"They interrogated us, searched the car and the passengers and confiscated some consumer goods. The people are fed up," Hassun said.
The same article reports of the actual state of Syrian-Lebanese trade:
In May, days after Syria completed its pullout from Lebanon, Miqati travelled to Damascus to discuss future ties, including pending economic agreements, and later said a border post would also be established to ease travel and trade.
But results from the visit have yet to be seen.
An agreement under which Syria was expected to supply Lebanon with natural gas has also been shelved.
It stipulated that Syria would sell Lebanon 1.5 million cubic metres (52.9 million cubic feet) of gas a day at three dollars per unit "or 40 percent cheaper than market prices", Lebanese Energy Minister Bassem Yammine said.
"But the Syrians have told us that this offer is no longer valid," after Lebanon said it wanted to renegotiate all its agreements with Damascus, Yammine said, adding that discussions were still underway.
If this isn’t a crisis, I am not sure what is. This certainly calls for the re-evaluation of Syrian economic relations. Syria’s timing is very coy and a low blow to Lebanon while the country is in the midst of the most diligent and transparent government-making in its recent history.

As Michael Young succinctly puts it in his last editorial: “It is unlikely the current Syrian regime could ever address Lebanon as an equal; for the men in Damascus, there is little room for a bona fide partnership in the shadow of the demeaning Syrian practices of the past.”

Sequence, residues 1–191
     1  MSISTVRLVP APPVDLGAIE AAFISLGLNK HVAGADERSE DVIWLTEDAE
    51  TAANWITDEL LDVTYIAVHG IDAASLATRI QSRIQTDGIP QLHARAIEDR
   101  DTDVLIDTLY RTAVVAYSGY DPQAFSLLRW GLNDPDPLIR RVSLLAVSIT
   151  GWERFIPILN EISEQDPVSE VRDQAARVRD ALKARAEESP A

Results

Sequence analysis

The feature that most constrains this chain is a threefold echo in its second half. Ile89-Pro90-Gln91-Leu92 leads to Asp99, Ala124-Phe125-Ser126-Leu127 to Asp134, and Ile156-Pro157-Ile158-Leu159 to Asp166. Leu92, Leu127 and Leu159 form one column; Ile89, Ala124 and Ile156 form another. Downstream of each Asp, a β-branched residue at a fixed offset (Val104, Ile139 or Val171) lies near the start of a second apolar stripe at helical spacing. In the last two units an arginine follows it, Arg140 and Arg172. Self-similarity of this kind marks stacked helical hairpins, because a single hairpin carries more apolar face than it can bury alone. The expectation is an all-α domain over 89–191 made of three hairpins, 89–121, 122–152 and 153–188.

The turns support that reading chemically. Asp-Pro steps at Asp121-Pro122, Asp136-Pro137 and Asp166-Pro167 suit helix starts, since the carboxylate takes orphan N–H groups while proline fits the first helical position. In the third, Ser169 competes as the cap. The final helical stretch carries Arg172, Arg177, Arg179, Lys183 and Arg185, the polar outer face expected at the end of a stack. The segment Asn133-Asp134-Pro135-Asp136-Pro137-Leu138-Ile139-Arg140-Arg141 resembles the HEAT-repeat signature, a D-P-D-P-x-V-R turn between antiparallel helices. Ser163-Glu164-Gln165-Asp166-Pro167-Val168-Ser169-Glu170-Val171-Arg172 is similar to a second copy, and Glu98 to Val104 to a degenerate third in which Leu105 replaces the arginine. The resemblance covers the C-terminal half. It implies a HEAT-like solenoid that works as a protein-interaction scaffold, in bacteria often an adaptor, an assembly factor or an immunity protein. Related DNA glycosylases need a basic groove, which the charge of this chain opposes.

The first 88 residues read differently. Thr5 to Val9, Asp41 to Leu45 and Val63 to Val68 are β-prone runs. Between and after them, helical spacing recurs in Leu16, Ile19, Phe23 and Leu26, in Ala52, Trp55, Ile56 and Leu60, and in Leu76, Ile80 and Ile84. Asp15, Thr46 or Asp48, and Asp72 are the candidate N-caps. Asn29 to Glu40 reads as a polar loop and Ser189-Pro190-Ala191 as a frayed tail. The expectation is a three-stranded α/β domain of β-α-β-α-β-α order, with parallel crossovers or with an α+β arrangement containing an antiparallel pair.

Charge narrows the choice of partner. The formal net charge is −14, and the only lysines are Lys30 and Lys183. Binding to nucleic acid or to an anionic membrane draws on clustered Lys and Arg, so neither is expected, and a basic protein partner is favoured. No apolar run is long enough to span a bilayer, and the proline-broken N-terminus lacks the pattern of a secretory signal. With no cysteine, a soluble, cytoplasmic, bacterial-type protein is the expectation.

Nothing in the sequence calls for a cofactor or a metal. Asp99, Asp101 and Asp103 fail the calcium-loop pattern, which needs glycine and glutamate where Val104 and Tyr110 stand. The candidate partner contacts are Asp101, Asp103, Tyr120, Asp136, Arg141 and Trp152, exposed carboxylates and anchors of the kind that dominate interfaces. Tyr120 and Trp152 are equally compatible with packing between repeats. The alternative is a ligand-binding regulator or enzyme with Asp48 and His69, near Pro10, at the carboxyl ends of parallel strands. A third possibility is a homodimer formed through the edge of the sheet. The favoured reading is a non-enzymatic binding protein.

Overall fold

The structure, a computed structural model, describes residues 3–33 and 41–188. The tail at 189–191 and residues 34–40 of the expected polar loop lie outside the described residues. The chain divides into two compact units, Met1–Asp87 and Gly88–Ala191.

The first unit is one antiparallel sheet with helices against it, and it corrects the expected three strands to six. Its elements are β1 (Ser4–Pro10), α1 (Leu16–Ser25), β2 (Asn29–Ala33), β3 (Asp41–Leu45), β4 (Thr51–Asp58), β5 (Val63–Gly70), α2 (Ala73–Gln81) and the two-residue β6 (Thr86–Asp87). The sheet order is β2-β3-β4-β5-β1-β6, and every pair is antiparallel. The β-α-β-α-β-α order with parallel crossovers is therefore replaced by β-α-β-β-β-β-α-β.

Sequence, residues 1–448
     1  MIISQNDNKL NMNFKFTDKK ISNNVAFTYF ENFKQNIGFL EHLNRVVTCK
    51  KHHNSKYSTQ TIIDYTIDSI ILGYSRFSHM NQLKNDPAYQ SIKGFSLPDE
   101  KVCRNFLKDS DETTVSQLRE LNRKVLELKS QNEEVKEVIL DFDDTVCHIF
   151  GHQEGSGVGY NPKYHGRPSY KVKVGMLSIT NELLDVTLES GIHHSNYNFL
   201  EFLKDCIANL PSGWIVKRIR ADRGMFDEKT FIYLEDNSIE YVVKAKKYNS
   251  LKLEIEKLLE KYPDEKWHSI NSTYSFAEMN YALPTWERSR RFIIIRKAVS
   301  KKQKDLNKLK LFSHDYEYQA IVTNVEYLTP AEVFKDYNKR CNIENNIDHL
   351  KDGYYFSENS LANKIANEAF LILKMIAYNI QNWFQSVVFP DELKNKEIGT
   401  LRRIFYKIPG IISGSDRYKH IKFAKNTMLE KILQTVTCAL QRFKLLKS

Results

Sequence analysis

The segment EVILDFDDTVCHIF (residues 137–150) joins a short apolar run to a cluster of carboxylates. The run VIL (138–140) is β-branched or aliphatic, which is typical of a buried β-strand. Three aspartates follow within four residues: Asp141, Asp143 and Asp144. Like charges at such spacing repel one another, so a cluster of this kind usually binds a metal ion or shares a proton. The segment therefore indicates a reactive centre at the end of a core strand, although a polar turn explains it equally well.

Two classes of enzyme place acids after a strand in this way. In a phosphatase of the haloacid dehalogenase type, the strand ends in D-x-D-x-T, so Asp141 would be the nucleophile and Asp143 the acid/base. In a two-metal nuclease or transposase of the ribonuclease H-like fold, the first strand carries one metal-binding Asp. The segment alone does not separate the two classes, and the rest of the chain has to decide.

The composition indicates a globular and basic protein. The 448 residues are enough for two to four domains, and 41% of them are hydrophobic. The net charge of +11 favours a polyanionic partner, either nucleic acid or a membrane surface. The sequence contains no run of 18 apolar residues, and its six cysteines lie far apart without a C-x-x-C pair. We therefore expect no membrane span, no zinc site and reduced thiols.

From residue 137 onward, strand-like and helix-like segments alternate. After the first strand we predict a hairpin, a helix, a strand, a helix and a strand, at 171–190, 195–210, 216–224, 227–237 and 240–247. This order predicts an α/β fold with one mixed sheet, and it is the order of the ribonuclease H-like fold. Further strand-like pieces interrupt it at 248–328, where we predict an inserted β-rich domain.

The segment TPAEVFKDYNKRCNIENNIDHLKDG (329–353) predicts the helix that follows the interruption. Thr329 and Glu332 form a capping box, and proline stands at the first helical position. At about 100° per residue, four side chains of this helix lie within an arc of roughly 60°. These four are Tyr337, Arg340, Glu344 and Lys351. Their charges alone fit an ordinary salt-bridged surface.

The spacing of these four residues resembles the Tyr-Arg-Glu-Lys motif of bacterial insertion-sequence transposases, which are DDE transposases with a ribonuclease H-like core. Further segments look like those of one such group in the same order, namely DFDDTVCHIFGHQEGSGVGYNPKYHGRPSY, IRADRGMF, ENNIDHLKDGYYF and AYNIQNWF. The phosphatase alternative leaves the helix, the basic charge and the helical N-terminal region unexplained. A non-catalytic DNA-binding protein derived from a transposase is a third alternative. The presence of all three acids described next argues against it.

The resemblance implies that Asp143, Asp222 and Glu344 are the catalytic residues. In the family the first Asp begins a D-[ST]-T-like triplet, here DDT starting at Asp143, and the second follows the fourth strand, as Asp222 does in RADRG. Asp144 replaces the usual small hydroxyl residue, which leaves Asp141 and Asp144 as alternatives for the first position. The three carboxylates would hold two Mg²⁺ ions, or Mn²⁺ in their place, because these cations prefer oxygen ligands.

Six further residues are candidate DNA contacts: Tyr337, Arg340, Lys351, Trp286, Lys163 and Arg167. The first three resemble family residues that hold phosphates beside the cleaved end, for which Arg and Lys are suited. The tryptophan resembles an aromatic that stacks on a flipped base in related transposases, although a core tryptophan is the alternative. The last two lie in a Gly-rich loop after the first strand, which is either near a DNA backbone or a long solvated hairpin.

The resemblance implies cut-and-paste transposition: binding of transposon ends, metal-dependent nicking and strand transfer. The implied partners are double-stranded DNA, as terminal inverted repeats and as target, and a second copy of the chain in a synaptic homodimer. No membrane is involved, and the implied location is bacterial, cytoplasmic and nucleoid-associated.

Hopefully, Lebanon will be able to stand on its own feet soon and deal with Syria from a position of strength. All we want is fair trade and fair trade pactices. In the past, this was difficult to even ask for, but now that Lebanon has the autonomy to ask, will we get it?

Wednesday, July 06, 2005

Syria halting Lebanese trucks at border: Why now?

The timing of this border dispute seems quite ill, given that the Lebanese government is "in limbo", i.e. being constituted. I don't have any further information on this, except from this story which has also been reported on Lebanese television. There is nothing I could find from the Syrian side explaining why this is being done.
From the above article:

Hundreds of trucks carrying tons of perishable goods are still queuing up at the Syrian checkpoint along the border, threatening the livelihoods of thousands of Lebanese families.

Observers said that Syria apparently wants to demonstrate to the Lebanese that the anti-Syrian sentiments following the withdrawal of Syrian troops from Lebanon will not go unnoticed.